• Rajesh: "If you look at how standards are democratized, you’ve got enterprise architecture that looks at the overall architecture standards and policies, then you have solution architects, who are a level down and are specific to a product, and finally we have distinguished engineers — we call them expert engineers — who are also key influencers for other developers, who look up to them."

Tanzu Talk Live 20200924 – First Show – Empathetic Lunatics & The Great Developers Using Kubernetes Scare

I started a new, I don’t know, streaming thing today. I’m trying out live streaming every Tuesday and Thursday at 11am Amsterdam time. It was nice – but we’ll see if it matters.

Here’s the recording.

I didn’t monitor myself, so my wires were screwed up and there’s a hum for most of it. Sorry!

And, here’s my “shows notes.” I used miro for this, which I didn’t like. I think I need something simpler. People tell me there’s HackMD. I dunno.

Anyhow! You should subscribe or whatever one does and watch these.

Air France KLM modernizes their payments service, SpringOne 2020 talk – Notebook

Air France KLM modernized their payments service recently, EPASS. This is a 12 year old system that provides the backend for processing purchasing airline tickets (and other things, I guess) from numerous front-ends: the web, mobile app, and social apps as well. The system was difficult to scale, it required manually adding new servers and had a long development cycle. As more and more people want to interact with Air France KLM through software (phones, online, in WhatsApp, or whatever other “channel”), they want to be able to evolve their software quickly. They want to use software as a core innovation tool for improving customer experience and, thus, business. So, here we see one of their first experiences modernizing their backend and transforming how they do software.

Talk presented by Oya Ünlü Duygulu and Patrick Zijlstra.

Highlights

-Rick in intro: transformed payments platform in 6 weeks.

– [Corporate vision] is to provide good, “our purpose as an airline group is create memorable experiences for our passengers. 

– So, they want to (1.) focus on customer centricity, (2.) innovation, and, (3.) efficiencies in our processes.

– “Digital” as the primary channel is on the rise. People want to interact through apps and such. So, KLM needs to meet the customers there… “As an airline, we want to be where our passengers are” (~3:00)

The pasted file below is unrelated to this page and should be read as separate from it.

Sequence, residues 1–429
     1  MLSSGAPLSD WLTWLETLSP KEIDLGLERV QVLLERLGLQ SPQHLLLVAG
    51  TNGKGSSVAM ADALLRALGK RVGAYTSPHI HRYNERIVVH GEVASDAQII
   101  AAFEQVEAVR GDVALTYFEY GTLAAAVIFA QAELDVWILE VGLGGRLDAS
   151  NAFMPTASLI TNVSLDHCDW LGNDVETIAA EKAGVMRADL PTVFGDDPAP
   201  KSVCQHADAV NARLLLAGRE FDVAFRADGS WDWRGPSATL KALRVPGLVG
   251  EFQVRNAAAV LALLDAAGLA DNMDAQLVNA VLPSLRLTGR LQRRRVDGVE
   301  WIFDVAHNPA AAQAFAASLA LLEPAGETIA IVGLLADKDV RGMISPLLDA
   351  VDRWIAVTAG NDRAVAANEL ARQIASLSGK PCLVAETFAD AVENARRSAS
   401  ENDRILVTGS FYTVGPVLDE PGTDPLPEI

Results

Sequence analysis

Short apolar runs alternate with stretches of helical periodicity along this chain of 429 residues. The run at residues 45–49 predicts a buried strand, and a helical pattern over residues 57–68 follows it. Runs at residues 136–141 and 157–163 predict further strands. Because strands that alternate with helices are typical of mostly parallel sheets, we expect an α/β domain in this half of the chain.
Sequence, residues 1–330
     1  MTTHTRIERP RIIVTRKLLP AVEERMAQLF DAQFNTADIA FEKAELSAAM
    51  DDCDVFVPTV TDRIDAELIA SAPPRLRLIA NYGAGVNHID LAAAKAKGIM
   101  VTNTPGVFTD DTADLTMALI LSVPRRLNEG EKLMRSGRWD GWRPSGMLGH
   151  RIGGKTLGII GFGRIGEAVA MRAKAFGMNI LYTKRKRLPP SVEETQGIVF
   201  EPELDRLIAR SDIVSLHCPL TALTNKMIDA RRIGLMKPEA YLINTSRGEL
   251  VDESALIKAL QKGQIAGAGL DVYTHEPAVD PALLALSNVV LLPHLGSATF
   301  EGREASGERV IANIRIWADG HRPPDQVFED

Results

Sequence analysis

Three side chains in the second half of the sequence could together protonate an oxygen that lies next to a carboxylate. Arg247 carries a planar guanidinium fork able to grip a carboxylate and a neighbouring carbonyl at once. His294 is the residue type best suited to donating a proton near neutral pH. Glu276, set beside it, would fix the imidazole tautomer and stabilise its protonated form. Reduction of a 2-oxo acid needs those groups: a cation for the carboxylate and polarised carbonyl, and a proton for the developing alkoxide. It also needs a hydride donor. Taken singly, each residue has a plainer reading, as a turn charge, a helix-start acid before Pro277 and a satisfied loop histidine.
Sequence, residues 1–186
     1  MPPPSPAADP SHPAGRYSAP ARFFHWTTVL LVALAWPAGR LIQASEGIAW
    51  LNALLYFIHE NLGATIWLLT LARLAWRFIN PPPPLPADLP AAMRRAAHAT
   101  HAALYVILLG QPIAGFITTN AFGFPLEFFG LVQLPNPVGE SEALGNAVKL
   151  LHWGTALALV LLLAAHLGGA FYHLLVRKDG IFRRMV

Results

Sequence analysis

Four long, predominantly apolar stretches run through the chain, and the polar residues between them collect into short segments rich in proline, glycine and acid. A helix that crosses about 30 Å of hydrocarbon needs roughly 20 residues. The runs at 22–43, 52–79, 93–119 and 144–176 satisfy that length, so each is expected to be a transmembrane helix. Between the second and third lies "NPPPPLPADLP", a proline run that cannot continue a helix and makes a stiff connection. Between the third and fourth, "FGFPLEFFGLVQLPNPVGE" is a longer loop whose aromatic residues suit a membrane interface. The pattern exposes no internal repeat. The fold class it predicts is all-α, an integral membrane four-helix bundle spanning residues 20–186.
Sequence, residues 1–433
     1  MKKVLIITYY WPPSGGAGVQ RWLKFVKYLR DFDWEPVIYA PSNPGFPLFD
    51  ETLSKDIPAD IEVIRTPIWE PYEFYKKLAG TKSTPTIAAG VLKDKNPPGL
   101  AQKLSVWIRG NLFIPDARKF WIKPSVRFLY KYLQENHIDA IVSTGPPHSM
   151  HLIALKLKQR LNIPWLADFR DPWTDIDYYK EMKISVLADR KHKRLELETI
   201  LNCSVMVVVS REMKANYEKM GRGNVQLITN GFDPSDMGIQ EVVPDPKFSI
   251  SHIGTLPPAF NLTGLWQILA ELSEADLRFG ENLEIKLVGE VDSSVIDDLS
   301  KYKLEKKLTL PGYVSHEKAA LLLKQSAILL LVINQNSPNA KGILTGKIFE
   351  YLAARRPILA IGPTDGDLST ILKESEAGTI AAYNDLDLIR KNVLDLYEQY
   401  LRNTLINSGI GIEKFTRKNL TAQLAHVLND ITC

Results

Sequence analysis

– Some examples of digital features: “‘About 10 percent of the ideas actually end up on the market. A recent example of this is the hand baggage check in the KLM app. Through augmented reality travelers can see whether their hand luggage meets the set dimensions. This function went live last month. ‘ Six months ago, a 3D rendering of the business class seats was also shown when checking in online. ‘This with the idea of ​​stimulating the sale of these chairs.”

– For example, listening and interacting with customers in social media [something I’ve done many times – it’s great to chat with someone (or a bot?) in WhatsApps, Twitter, etc. instead of a phone call]. (~3:40) Social media is now “our closest connection to passengers.” And in China: “For instance, Chinese travelers rely immensely on mobile devices. How can these personal devices be used for authentication – identity management, payment etc. to streamline the journey wherever possible? In China, the whole landscape is different, and we need to ensure we aren’t relying overtly on drawing customers only to our touch-points.” 

– (~3:10) merged together KLM and Air France backends to get less complexity in the back-end and a unified experience in the front-end for customers. Social media is now “our closest connection to passengers.”

– 350 agile teams. Using Scrun, Kanban. SAFe. See SAFe case study from ~2018, and some trip notes from someone at ACM Agile.

– The use SAFe release trains (which they call “release planes”), mapped to customer value journeys, e.g., sales, paid products, or airport.

– In the digital department, they have about than 50 product teams.

– Planning every three months, come together get a roadmap from the business, and all the teams plan together. Then they start sprinting bi-weekly.

– Also shared services and practices team.

– Their /goals: 

– (~5:50) “We are designing our products focused on time to market, innovation, robustness, and security.”

– Focusing on getting CI/CD in place.

– Also, reducing complexity and speeding up business value [realization], so we are moving towards a microservices architecture.

– [Business stuff:] EPASS handles payments from many places, created 12 years ago. Wanted to modernize [not sure why]. They worked with Pivotal Labs on modernization for a six wee project.